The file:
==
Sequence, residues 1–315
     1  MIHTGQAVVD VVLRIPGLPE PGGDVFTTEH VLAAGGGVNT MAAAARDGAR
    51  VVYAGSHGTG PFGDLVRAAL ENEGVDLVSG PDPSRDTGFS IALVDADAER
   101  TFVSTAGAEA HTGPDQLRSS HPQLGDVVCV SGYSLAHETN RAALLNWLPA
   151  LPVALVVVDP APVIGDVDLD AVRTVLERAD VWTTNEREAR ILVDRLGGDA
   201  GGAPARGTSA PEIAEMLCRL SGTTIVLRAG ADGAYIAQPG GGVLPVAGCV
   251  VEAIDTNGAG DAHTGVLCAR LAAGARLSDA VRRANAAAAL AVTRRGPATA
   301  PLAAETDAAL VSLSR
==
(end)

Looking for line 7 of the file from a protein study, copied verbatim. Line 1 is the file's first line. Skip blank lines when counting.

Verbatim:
   251  VEAIDTNGAG DAHTGVLCAR LAAGARLSDA VRRANAAAAL AVTRRGPATA